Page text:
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Everything Good Will Come

Presented by Adeyosola Adeniran

This exhibition takes its title from Sefi Atta’s irreverent bildungsroman. Like the novel, the exhibition forages through the world of childhood and adolescence, investigating the contexts of a Nigerian coming-of-age. The show evolved from the curator’s memories of her childhood, and introspection into her identity as an adult, wondering when, how and what marked the transition from one to the other. Thus, Everything Good Will Come explores some of the definitive moments and symbolisms of this metamorphosis. It emphasises self-realisation and the growing sensitivity to one’s individuality and place in the world. Although the exhibition indulges in nostalgia, it stretches beyond themes of childhood innocence to (re)examine the darker, more complex aspects of these formative years. It highlights growing pains, and the internal conflicts of asserting one’s personhood.

The artists in the show unravel the theme in multiple directions, unveiling the manifold experiences of Nigerian childhood. Their explorations consider the subject of family, government, religion, film and more. Yet, despite the diversity of interpretation, the works remain in conversation. For instance, Monjola Adeboye and Caleb O reflect on identity formed through family, while OC George sheds light on the underbelly of familial expectations, altogether creating a kaleidoscope of the complexities of Nigerian households. Meanwhile, the artists from The Children’s Art Gallery, currently entrenched in their coming-of-age stories, draw us into their tumultuous inner world, challenging the notion that children have no worries.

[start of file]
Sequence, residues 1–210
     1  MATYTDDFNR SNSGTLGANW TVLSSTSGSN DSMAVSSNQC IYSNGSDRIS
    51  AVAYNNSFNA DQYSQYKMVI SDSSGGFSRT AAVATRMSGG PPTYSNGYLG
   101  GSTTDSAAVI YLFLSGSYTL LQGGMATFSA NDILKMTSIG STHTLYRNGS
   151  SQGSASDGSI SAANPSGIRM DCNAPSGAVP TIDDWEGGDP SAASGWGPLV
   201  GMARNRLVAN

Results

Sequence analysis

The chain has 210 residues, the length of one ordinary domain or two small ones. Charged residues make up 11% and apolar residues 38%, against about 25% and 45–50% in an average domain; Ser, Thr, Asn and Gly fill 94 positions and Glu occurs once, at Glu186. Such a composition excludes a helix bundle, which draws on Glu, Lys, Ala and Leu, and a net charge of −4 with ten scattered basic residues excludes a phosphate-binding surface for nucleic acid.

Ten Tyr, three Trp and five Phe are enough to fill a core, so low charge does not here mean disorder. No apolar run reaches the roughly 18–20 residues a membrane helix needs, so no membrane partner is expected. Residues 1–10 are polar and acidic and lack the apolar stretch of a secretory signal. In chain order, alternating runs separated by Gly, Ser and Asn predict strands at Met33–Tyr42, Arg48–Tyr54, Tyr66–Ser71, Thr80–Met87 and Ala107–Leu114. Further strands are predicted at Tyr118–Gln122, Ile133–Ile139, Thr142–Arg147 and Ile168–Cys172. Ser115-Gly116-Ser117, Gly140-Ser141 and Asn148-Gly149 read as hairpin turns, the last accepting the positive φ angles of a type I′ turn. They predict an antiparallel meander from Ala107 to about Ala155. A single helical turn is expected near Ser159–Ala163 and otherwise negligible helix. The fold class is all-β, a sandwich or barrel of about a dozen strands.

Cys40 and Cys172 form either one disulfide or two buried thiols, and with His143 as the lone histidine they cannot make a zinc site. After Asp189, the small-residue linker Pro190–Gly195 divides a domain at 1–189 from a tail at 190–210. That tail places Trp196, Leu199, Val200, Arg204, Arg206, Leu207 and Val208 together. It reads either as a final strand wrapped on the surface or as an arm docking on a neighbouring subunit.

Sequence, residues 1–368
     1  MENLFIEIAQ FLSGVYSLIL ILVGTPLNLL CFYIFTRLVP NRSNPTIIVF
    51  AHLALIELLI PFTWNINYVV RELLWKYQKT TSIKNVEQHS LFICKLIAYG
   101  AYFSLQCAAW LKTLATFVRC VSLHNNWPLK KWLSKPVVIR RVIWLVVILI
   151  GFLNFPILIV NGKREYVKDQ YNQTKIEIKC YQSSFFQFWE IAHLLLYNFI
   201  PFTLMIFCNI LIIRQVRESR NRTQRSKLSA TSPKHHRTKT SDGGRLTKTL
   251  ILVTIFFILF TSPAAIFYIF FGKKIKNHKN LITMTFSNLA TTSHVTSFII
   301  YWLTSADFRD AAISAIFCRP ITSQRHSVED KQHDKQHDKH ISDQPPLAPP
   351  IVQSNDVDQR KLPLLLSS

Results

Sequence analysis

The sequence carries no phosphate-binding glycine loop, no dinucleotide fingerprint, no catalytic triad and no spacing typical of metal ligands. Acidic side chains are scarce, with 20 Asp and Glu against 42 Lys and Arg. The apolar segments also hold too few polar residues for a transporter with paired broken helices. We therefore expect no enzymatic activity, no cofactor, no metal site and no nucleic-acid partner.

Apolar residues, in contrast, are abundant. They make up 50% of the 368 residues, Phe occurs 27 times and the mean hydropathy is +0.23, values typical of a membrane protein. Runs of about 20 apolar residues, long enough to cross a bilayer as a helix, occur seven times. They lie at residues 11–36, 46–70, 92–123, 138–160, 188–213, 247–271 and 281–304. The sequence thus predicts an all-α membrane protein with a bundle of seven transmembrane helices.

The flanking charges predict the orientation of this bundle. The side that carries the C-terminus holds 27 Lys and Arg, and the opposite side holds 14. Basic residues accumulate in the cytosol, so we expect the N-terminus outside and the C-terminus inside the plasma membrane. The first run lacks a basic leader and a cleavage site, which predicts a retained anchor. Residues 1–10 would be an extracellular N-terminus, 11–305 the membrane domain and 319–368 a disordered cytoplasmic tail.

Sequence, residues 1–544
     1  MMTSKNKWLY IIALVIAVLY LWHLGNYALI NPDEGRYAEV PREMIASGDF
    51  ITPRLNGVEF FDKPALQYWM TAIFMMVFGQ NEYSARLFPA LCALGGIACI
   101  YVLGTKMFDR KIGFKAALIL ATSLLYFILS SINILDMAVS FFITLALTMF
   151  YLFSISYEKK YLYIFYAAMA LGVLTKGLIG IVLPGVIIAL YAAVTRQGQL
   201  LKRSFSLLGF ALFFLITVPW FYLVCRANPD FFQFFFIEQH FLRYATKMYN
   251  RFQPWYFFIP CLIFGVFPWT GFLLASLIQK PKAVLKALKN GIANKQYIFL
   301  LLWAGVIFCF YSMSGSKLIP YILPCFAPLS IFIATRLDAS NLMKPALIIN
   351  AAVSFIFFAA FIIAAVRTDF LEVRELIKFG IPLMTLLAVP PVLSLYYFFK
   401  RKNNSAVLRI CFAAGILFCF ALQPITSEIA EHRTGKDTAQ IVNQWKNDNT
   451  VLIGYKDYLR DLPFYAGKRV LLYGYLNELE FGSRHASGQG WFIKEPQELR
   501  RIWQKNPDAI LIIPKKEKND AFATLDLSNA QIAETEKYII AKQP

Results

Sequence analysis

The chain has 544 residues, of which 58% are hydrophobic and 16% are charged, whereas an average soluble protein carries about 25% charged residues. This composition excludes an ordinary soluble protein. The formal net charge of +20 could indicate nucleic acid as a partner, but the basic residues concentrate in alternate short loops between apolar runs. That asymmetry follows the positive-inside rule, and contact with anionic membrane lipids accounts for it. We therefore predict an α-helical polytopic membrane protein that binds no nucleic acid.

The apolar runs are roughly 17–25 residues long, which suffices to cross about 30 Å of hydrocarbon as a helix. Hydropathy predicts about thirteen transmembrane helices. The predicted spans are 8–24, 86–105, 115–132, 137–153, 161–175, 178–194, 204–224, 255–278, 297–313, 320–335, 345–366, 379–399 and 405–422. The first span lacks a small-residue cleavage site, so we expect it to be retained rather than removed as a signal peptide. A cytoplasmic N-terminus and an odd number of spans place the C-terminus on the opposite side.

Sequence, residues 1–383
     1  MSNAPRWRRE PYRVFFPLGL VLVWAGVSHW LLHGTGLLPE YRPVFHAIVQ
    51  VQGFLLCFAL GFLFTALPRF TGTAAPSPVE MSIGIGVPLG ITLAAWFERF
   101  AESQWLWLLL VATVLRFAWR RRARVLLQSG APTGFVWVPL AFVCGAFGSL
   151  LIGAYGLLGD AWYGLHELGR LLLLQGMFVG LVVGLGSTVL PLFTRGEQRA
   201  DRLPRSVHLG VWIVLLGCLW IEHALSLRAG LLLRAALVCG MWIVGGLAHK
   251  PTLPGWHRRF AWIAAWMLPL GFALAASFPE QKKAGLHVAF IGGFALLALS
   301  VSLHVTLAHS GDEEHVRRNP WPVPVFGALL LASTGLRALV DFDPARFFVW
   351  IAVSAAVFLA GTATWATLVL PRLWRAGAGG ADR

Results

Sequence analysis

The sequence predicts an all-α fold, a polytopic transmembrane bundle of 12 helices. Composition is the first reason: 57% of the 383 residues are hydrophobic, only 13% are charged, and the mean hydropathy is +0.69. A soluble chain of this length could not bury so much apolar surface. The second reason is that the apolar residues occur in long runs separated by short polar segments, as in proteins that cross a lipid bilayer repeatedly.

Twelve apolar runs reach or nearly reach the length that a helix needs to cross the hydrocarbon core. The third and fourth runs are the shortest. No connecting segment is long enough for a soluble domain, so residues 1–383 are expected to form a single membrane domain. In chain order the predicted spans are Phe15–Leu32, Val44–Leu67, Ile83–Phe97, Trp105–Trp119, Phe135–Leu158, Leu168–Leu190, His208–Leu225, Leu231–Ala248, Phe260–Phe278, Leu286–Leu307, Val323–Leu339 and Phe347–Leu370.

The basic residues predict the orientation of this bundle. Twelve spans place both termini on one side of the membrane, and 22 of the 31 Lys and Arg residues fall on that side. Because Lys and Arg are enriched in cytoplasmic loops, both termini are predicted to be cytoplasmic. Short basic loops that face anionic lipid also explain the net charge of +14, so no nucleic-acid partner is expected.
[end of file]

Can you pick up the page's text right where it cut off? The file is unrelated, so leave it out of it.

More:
For this exhibit, the medium is also the message. To evoke the spirit of childhood and adolescence, Everything Good Will Come centres its premise on photography and collage. Photography connotes the capturing of time and the nostalgia of our childhood photo albums. Collage provokes the craftiness of childhood—as in mischief, as in messing around with tools—and is symbolic of how many unexpected pieces form a distinct whole.